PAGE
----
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CountryBoy

Lucchi Tester / Lucci Meter

36 posts in this topic

I have been browsing the forums here for a couple of days and find much of the information contained within quite enlightening to a layman such as myself. Thank you. I assure you that I will visit the sponsoring websites as a way to show my appreciation for the hard work and time involved in maintaining a successful board like this.

I was first introduced to the forum by a friend that is in the process of designing and building a traditional style 5 string violin for my 7 year old daughter. I am neither a player nor a luthier but the high price of purchasing quality instruments has piqued my financial interest thus bringing me to the following statement, question, and request.

My statement is this .. I understand that the makeup of the woods used in the art of making quality violins and bows plays a huge part in the tonal quality of the finished products. After doing some research I have found that by purchasing a Lucchi Tester (Lucci Meter) that I can determine if the finished product is made with such quality materials. Not being a player I am at somewhat of a disadvantage because I cannot "hear" how good a violin sounds or how good a bow will perform thus leaving me in a search for a technological advantage.

My question is this .. would anyone agree that by purchasing a Lucchi Tester that I would be better prepared for the purchase of a quality instrument.

My request is this .. Steve Beckley from BowWorks.com has informed me that the testers have been discontinued by Lucchi and sons, if anyone has a Lucchi Tester that they are willing to part with feel free to email me at fiddle@drt.us with your asking price.

Thanks again,

Don Roach

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What are you going to do if you find an instrument that you really like, but it does not meet your Lucchi specifications?? You need more information than just a Lucchi reading to select good wood. I do think they can be helpful to makers, though. How will you discern between a good instrument (bow) made with good wood and a poor instrument (bow) made with good wood? You can buy wood already tested. Unless you are dealing with a lot of wood, it is not (or should not be) necessary to have one.

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The answer to that question is why I turned to the forum for assistance.

I understand that both specific gravity and velocity of sound readings play a large part in the quality of the wood used in bows. (Which is my main interest at this time)

As I stated in my first post, I am a total layman with no experience at all in purchasing instruments other than the lower valued violins that my daughter has at this time of which I could have easily been taken advantage. Luckily three of the violins have been appraised well above the price that I paid for them, one that appraises lower is her favorite for fiddle tunes, and one of them has awesome tone according to all that have heard it, (thanks to a friend that adjusted it for her. I have been told that this instrument may be an authentic Becker by more than one person that has experience with Becker violins, however it has no label at all.) All the same, none of the bows that my daughter owns do any of her violins justice. When played with professional bows owned by friends of ours, the violins show their true quality. Even her Heberlein, which is one of her better violins, sounds better to me with a different bow, and I don’t have “the ear” for music.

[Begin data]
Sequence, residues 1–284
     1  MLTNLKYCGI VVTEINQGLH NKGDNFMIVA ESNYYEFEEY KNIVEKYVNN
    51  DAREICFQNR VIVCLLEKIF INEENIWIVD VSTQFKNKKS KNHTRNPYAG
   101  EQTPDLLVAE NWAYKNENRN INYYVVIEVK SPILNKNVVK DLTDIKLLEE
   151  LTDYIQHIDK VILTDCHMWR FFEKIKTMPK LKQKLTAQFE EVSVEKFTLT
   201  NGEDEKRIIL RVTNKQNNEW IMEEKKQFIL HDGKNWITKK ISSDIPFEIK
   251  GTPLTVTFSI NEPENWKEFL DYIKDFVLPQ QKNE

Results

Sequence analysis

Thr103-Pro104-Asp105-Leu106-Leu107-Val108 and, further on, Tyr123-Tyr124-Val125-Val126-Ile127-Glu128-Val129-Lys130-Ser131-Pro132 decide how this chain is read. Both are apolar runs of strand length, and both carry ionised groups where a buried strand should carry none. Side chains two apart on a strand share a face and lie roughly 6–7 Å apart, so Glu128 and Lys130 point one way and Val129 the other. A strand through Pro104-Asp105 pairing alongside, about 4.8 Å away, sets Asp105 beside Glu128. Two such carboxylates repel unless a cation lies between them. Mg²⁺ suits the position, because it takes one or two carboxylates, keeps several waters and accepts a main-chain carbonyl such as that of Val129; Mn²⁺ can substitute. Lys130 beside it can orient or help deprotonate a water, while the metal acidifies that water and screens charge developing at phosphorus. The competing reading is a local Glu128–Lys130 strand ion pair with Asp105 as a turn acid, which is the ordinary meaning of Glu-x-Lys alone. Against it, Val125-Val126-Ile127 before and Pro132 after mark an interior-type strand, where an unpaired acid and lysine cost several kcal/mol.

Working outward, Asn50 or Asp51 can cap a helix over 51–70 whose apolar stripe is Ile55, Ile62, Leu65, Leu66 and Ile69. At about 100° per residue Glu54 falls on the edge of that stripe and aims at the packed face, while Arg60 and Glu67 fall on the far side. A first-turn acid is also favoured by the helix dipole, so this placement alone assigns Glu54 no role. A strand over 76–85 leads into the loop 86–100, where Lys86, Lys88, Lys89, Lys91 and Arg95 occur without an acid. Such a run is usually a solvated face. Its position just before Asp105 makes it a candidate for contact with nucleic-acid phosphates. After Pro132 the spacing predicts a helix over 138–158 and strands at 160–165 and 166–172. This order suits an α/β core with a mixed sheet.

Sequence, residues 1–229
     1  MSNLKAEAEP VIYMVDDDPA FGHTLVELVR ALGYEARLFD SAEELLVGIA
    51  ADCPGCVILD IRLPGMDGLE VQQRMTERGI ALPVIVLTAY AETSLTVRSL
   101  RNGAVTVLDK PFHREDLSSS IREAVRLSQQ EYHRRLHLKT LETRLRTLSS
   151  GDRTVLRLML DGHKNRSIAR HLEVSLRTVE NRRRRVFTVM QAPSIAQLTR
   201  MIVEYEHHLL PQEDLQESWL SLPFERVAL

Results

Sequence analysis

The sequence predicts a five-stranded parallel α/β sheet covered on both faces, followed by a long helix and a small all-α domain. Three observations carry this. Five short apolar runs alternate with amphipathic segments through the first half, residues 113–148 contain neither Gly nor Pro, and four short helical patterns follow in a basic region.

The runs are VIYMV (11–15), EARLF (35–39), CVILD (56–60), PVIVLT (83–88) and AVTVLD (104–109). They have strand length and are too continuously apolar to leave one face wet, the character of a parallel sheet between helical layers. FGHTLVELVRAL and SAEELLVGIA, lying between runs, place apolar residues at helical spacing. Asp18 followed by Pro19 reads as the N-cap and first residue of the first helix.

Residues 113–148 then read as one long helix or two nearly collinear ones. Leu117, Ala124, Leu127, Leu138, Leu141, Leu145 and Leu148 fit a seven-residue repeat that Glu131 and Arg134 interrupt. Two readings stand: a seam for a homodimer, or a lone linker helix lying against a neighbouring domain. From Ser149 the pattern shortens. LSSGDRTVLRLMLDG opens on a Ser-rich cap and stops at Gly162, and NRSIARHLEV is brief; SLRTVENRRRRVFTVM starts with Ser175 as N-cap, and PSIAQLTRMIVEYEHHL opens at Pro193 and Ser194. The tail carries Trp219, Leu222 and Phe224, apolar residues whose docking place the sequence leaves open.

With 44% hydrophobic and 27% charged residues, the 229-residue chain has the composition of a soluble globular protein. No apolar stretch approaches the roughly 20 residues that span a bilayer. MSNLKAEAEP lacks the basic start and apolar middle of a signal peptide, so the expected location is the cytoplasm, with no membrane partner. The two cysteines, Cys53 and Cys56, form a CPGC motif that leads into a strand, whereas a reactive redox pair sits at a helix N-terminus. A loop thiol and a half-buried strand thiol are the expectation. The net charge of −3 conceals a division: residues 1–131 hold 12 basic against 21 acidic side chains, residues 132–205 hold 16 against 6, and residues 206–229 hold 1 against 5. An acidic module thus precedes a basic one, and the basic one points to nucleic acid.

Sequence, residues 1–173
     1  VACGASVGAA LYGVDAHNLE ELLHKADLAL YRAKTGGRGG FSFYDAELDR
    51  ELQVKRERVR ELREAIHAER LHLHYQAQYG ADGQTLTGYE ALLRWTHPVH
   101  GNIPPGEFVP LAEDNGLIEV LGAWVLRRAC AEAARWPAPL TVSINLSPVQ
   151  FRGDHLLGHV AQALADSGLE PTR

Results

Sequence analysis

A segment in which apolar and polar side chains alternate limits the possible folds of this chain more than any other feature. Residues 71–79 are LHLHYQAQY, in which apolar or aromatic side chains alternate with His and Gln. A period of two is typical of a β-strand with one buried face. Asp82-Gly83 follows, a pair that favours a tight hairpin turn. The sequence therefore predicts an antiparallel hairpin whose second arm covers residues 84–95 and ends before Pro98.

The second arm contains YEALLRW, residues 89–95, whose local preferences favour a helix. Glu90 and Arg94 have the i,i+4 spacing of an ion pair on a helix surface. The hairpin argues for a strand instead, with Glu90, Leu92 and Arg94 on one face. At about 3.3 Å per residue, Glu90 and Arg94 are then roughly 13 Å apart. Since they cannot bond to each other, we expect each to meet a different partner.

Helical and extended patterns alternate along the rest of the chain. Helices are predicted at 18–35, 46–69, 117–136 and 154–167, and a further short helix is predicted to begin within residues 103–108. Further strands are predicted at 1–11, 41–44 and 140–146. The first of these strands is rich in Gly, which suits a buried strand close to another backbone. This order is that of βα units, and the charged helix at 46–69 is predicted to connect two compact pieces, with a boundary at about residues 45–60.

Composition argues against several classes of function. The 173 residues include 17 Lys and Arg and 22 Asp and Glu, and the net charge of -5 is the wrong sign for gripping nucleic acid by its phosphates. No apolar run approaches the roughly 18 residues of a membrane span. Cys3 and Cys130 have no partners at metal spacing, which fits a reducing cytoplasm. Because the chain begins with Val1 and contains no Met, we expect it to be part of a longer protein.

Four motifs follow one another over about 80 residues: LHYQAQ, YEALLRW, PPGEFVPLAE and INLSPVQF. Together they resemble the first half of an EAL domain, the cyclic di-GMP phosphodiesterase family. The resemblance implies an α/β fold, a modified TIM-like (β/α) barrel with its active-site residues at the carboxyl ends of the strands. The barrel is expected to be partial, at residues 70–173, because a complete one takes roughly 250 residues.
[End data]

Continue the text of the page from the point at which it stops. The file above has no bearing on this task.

Do you have a suggestion as to how to determine the specific gravity of the wood used in a bow that I may come across without submerging it?

Do you believe that with the knowledge of specific gravity and the Lucchi reading that I can be at some advantage when considering a purchase?

Thanks again for your consideration in reading my post.

Don Roach

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No, I think your idea is totally misguided. You have succumbed the worst kind unexamined of "more is better" advice. If all there was to making a good bow or violin was good wood, every modern bow and violin would be good, since modern makers have a mania about bow wood, and many of the finest old bows would be bad, because I understand they often don't really measure that highly on the lucchi scale. As for violins--I don't even think anyone has taken the necessary measurements or done the homework to make the conclusion. Probably something like carbon fiber would be even better than a Tourte on this scale. This is not the cause and effect relationship that will help you buy a bow or violin.

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Ok, I will give you that as I am inexperienced in this field and have been so desperately searching for a way to have the upper hand when considering a purchase that the research that I have conducted may have led me astray and a little to far to the technological side.